Tuesday, March 8, 2016

Gentlemen are Born (1934)

After several years of endless searching, wishing, and hoping, I was finally able to see the 1934 film Gentlemen are Born! Turner Classic Movies aired the film in January. I don't have cable television at the moment, but I was able to subscribe to SlingTV so that I could watch it on-demand before it disappeared...and I did, 5 times in one week! Gentlemen are Born immediately shot up to a top spot in my favorite films list and I hope it will be released on DVD in the near future. (Pretty please, Warner Archive!)

Franchot Tone and Ross Alexander

Four optimistic college graduates go out into the world expecting their hard work, excellent grades, and good behavior to pay off. Bob Bailey (Franchot Tone) is an aspiring newspaper reporter who has fallen for his friend's sister Joan (Margaret Lindsay), a girl who is accustomed to the finer things in life. Architect Tom Martin (Ross Alexander) makes ends meet to support his new bride Trudy (Jean Muir) and their quickly expanding family. Smudge Johnson (Dick Foran) is eager to be a school athletic coach, but is turned down over and over. To pay the bills and provide for his new bride Susan (Ann Dvorak), Smudge succumbs to petty crime. Fred Harper (Robert Light) is the only one of the four friends who exits college to instantly find a well-paying job in his father's successful firm...but there are secrets within the firm that Fred will sadly discover.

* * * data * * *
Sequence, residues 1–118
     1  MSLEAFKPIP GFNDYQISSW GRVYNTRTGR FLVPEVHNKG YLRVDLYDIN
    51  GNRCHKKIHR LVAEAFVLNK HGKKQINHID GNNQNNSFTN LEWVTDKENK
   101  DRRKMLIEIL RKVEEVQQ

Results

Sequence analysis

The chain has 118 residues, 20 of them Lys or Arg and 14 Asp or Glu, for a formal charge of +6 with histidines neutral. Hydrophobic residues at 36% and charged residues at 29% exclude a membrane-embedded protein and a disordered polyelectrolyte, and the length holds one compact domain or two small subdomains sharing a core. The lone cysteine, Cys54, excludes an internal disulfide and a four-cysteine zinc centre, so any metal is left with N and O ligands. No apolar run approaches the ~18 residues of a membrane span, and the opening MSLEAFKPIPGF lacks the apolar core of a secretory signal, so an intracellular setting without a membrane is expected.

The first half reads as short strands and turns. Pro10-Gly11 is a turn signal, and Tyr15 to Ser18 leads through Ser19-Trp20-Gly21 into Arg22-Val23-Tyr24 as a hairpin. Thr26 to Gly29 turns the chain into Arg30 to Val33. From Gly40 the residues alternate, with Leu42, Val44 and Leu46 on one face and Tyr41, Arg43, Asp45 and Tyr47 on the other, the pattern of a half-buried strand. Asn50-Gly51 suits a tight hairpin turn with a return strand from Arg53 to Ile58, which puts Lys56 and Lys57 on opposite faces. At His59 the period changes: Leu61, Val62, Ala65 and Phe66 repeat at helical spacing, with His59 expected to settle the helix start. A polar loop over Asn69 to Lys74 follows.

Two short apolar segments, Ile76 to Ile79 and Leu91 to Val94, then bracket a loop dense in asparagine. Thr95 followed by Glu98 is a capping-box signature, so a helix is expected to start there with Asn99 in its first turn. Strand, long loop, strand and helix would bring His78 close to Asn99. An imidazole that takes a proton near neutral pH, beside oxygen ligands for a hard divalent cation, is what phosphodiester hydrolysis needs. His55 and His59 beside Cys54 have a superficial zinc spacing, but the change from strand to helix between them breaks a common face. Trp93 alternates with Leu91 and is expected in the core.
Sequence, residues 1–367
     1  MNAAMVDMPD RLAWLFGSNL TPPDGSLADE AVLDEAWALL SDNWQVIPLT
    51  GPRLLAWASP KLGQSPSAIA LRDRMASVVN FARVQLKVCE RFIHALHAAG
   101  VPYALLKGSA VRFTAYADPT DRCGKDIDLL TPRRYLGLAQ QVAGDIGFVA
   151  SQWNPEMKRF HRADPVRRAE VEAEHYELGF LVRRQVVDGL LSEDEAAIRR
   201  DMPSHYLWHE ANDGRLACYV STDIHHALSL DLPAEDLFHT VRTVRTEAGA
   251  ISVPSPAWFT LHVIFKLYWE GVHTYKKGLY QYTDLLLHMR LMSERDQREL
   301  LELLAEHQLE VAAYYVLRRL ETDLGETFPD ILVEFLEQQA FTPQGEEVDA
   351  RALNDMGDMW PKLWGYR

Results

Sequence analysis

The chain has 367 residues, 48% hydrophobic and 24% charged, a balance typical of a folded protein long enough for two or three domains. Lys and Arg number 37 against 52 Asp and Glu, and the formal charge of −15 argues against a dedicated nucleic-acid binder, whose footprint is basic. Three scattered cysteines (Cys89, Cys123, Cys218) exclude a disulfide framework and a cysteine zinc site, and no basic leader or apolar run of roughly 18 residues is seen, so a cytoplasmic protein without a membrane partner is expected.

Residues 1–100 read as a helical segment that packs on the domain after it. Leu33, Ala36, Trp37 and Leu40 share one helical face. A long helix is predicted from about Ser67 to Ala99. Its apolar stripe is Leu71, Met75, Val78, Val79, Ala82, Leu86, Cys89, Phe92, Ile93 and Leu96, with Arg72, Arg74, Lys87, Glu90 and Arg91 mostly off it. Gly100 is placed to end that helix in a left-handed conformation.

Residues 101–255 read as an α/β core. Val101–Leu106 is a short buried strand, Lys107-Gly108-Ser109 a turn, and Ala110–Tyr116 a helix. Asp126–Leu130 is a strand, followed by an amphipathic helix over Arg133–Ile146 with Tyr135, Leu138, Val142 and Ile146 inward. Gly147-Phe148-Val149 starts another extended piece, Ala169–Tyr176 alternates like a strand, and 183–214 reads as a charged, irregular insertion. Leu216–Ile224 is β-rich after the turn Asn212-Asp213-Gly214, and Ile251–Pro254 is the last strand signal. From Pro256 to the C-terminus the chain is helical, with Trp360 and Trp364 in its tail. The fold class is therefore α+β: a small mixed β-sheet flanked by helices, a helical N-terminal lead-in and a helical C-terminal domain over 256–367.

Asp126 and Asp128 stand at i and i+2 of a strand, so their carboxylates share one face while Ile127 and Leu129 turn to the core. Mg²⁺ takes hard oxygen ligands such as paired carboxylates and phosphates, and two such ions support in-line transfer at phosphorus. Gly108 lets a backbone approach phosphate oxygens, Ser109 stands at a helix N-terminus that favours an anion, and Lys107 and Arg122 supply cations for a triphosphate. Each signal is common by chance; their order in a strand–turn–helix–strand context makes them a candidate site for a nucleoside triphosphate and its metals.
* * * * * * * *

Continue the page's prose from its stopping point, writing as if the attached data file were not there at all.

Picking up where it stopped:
Franchot Tone and Margaret Lindsay

Franchot's character Bob is the glue in this group. He's the one who is always there when happiness (Tom's engagement) and tragedy (a suicide) strikes. The three other men all confide in Bob when life gets tough. This is now one of my favorite of Franchot's early performances. As usual, he is able to deftly play the part with sincerity and sensitivity, while displaying a knack for comedy in the right spots.

All of the cast members work really well together and the story truly draws you in and tugs on your heartstrings.  I especially enjoyed seeing Franchot work with Ross Alexander and Ann Dvorak in their scenes together. This is a story that is as timely today as it was in 1934. You'll identify with these characters, see yourself or someone you know in their storylines. It's a beautifully written, well executed film about the struggle of entering the "real world" after college. Like I've mentioned, Gentlemen Are Born is a pretty tough movie to track down and watch, but I sincerely hope you are able to catch it sometime or better yet, that it is released on DVD ASAP.

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